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Big Picture: Film fest begins to unspool

Is it really that time of year again? The question many of us have asked as Christmas looms larger could as easily refer to film-festival season.
Charlie Carrick, left, and Ali Liebert in the locally-shot movie The Devout, one of the entries in the Victoria Film Festival beginning Feb. 5.

Is it really that time of year again?

The question many of us have asked as Christmas looms larger could as easily refer to film-festival season.

No sooner had the closing credits rolled on last weekend’s Whistler Film Festival than we were reminded that the Victoria Film Festival’s launch is less than a month away.

While the 22nd edition of Victoria’s 10-day festival doesn’t unspool until Feb. 5, the buzz begins at Pescatore’s on Jan. 5, when the 2016 programs hit the streets.

As always, you can get a sneak peek in this space, with more information being rolled out incrementally on the festival’s revamped website.

For now, festival director Kathy Kay isn’t above revealing some teasers and the festival’s 2016 poster with its new “Bring Your Eyeballs” tagline.

While our star quotient might not include Whistler festival magnets such as Kiefer Sutherland, who was there for a tribute and to promote his western Forsaken, anything can happen on the celebrity front.

Let’s not forget Barry Pepper’s surprise appearance here in 2009, when Like Dandelion Dust, in which he played an abusive steelworker trying to turn his life around, was shown.

While it’s anybody’s guess which of the 150 films screening at venues including Cineplex Odeon, Vic Theatre and Sidney’s Star Cinema will be hot tickets, Kay assures us its opening gala will be dreamy.

“We thought it would be fun to do dreams and breakfast this year,” she said, referring to the gala’s dominant theme in a spacious, to-be-announceddowntown venue.

“Guests will be able to walk through three dreams — sweet dreams, bad dreams and wet dreams,” teased Kay, whose themed opening galas are legendary.

And who better than Sigmund Freud (or a reasonable facsimile) as tour guide through a cinematic dreamscape. While further details are still under wraps, we do know there will be gourmet treats from Camosun College cooks-program students, wine from DeVine Vineyards, craft beer and cider from Spinnakers Gastropub and cocktails courtesy of Ampersand Distilling.

“It makes sense because Victoria is all about breakfast,” adds communications co-ordinator Fulya Ozkul, referring to eateries such as Shine Café, Jam, John’s Place and the Blue Fox that consistently draw lineups.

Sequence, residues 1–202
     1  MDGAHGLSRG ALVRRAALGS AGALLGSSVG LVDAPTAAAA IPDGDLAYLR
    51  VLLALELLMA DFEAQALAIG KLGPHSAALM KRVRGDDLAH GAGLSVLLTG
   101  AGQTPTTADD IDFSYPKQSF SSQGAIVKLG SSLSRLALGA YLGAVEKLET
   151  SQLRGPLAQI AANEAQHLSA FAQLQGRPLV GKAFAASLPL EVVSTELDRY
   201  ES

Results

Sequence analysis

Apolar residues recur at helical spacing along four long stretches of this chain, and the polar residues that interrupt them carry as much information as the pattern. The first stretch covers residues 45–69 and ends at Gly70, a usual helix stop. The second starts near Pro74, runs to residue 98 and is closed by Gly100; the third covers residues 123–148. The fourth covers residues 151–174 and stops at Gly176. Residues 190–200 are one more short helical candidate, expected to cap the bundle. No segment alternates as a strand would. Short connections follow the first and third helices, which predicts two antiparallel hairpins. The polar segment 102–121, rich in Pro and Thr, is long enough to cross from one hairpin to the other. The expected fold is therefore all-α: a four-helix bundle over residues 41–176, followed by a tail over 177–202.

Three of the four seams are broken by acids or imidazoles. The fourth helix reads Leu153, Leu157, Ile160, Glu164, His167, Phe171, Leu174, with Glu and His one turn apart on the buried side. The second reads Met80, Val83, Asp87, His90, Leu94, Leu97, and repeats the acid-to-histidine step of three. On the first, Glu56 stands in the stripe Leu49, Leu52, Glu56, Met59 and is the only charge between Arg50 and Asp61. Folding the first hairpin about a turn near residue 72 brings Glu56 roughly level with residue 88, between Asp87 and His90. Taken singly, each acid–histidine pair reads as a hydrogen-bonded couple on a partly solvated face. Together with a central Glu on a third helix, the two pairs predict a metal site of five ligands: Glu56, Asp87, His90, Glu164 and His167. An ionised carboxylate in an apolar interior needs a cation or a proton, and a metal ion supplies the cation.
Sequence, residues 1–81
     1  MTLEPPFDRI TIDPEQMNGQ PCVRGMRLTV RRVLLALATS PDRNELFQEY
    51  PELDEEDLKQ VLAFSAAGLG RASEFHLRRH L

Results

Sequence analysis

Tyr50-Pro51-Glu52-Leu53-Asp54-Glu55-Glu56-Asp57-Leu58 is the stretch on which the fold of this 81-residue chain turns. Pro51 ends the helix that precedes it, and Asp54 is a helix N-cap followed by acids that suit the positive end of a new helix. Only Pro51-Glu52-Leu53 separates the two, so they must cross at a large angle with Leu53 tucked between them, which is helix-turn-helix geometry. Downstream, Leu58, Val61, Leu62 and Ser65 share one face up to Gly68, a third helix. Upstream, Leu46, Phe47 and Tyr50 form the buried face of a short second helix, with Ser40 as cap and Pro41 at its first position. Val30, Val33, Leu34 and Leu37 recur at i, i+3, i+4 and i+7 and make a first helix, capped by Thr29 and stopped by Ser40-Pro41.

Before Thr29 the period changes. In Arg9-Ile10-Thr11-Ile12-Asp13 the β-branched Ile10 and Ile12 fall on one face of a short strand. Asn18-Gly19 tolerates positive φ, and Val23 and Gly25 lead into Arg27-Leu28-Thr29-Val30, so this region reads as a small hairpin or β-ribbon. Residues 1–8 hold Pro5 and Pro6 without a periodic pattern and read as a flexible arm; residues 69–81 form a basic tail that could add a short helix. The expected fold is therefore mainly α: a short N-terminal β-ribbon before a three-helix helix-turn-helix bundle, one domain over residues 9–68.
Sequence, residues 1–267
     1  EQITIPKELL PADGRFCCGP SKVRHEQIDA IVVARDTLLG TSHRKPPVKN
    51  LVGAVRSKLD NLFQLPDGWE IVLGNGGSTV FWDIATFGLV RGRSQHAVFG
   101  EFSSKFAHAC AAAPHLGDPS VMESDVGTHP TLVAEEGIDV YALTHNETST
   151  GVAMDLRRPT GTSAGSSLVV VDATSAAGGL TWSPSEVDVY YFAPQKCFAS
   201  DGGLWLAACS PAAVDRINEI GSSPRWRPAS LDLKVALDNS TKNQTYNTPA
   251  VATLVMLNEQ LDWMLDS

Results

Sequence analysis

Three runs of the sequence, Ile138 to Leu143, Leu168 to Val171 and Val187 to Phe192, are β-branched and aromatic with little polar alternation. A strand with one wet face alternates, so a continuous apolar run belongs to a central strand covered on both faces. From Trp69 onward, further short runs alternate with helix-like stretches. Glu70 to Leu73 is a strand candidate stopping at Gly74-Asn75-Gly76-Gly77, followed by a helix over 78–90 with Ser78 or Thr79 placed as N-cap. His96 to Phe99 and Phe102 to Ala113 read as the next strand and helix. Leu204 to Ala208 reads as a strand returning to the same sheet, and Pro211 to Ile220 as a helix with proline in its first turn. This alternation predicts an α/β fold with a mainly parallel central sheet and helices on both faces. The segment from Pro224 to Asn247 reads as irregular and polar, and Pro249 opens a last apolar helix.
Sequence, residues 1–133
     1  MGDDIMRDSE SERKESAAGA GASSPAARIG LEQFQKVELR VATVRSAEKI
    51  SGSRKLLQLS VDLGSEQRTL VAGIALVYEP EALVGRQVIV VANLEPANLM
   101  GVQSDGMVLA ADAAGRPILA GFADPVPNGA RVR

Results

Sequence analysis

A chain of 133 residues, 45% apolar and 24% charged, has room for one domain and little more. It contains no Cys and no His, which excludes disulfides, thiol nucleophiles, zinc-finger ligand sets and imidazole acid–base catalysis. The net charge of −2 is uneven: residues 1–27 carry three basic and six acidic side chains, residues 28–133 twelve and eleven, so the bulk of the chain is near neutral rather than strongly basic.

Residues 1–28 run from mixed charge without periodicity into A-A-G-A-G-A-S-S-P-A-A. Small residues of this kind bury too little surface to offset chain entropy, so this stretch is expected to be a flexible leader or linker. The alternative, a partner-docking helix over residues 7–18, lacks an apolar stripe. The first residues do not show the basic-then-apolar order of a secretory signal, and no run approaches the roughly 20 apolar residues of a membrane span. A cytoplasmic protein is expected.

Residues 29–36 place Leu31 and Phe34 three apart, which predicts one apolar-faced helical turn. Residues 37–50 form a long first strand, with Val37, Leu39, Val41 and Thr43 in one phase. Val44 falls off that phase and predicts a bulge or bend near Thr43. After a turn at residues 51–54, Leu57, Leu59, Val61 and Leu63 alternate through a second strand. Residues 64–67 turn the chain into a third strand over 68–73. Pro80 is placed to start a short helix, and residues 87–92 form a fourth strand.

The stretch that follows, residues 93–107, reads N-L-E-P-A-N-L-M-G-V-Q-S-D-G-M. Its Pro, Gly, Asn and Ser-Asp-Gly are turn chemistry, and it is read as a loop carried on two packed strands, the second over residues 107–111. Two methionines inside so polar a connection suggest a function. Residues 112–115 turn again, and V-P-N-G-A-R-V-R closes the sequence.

Pyjamas are optional at the gala, just as they are at the Vic during the festival’s popular Jammies and Toons program. And for those who need encouragement, a giant cereal box will figure prominently.

While we’re thinking outside the box, here’s another offbeat element: To mark the return of Converge, the festival’s mobile short films showcase, Victoria City Hall’s clock tower will become a mini-venue.

Kay has confirmed that one of the festival’s biggest fans, Toronto filmmaker Larry Weinstein, will be back, this time for the world première of Devil’s Horn, his new documentary on the history of the saxophone.

Weinstein, whose local premières have included Inside Hana’s Suitcase, Mozartballs and Mulroney: The Opera when it was a work-in-progress, explores the dark side of the instrument once banned by the Nazis.

Hometown premières include The Devout, Victoria filmmaker Connor Gaston’s crisis-of-faith drama starring Ali Liebert and Charlie Carrick that was filmed in the capital region, and When Elephants Were Young, Patricia Sims’s documentary narrated by William Shatner that explores the plight of endangered elephants through the story of a Bangkok street beggar and his young elephant.

Brian D. Johnson, the former Maclean’s magazine film critic, also returns to the festival, but this time from behind the camera as director of Al Purdy Was Here, his debut documentary about the Canadian poet.

Another potentially popular attraction is Into the Forest, Canadian director Patricia Rozema’s adaptation of Jean Hegland’s novel. The drama, set in the near future, stars Ellen Page and Evan Rachel Wood as two resourceful sisters who must fight for survival after a blackout with long-term consequences at their home in the Northern California wilderness.

Other festival highlights include a CineVic retrospective in honour of the local film collective’s 25th anniversary, and an expanded Sips ’n’ Cinema program, with screenings paired with wine and cocktail receptions at 10 Acres Bistro and the Churchill, respectively.

Meanwhile, festival vouchers for cinephiles on your Christmas gift list are available until Dec. 22 by calling 250-389-0444 or visiting the festival office, 1215 Blanshard St., weekdays from 9-5.